Within the tales related in occult manuals are found connections with stories from other cultures' literary traditions. For instance, the ceremony for conjuring a horse closely relates to the Arabic One Thousand and One Nights and French romances; Chaucer's The Squire's Tale also bears marked similarities.[31] This becomes a parallel evolution of spells to foreign gods or demons that were once acceptable, and frames them into a new Christian context, albeit demonic and forbidden. As the material for these manuals was apparently derived from scholarly magical and religious texts from a variety of sources in many languages, the scholars who studied these texts likely manufactured their own aggregate sourcebook and manual with which to work spells or magic.

In the notebooks of Leonardo da Vinci, it is stated that "Of all human opinions that is to be reputed the most foolish which deals with the belief in Necromancy, the sister of Alchemy, which gives birth to simple and natural things."[32]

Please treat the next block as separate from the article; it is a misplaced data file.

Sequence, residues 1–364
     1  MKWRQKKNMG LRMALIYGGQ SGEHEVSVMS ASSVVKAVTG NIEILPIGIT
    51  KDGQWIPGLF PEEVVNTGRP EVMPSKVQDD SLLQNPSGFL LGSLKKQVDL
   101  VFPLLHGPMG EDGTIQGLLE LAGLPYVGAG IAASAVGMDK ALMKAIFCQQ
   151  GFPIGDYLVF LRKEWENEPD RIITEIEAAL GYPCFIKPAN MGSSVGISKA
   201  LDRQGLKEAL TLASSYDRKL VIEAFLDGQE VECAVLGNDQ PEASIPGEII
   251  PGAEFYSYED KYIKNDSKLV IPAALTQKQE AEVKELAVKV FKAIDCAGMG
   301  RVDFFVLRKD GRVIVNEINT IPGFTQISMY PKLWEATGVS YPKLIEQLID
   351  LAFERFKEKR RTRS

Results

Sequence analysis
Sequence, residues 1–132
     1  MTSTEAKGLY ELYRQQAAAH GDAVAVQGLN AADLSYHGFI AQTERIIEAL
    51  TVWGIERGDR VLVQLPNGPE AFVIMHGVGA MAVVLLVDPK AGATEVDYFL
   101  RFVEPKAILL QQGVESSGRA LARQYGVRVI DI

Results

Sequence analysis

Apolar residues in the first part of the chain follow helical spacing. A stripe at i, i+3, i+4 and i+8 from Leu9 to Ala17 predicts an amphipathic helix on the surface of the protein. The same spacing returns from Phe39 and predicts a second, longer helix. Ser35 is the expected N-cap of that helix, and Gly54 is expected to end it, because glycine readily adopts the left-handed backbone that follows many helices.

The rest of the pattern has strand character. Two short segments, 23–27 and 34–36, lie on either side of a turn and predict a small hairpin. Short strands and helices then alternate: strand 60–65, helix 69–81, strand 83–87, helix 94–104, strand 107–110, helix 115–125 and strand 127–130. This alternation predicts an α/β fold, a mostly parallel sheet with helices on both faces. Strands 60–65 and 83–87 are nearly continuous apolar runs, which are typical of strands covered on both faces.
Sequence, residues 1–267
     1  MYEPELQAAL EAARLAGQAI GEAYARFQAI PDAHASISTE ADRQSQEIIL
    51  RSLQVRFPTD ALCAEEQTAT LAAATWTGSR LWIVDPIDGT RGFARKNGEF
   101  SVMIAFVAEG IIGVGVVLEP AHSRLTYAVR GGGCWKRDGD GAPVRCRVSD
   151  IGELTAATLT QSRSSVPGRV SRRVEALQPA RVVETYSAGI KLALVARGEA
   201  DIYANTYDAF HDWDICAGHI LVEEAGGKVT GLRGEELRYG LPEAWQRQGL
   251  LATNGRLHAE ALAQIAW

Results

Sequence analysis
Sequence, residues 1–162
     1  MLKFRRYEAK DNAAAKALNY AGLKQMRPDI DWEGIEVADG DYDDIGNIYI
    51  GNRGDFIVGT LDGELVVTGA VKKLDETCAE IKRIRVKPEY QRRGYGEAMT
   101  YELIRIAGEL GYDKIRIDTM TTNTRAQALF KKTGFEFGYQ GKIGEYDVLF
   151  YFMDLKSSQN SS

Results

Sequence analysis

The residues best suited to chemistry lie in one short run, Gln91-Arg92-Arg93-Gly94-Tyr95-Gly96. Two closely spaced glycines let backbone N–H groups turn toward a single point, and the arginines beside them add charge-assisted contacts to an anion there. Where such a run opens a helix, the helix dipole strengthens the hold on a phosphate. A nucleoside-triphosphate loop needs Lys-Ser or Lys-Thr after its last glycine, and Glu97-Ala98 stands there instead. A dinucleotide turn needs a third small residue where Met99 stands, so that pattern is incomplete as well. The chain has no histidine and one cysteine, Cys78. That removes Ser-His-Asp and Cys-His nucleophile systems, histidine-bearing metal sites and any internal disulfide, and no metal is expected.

Modern era[edit]

In the present day, necromancy is more generally used as a term to describe manipulation of death and the dead, or the pretense thereof, often facilitated through the use of ritual magic or some other kind of occult ceremony. Contemporary séances, channeling and Spiritualism verge on necromancy when supposedly invoked spirits are asked to reveal future events or secret information. Necromancy may also be presented as sciomancy, a branch of theurgic magic.

As to the practice of necromancy having endured in one form or another throughout the millennia, An Encyclopædia of Occultism states: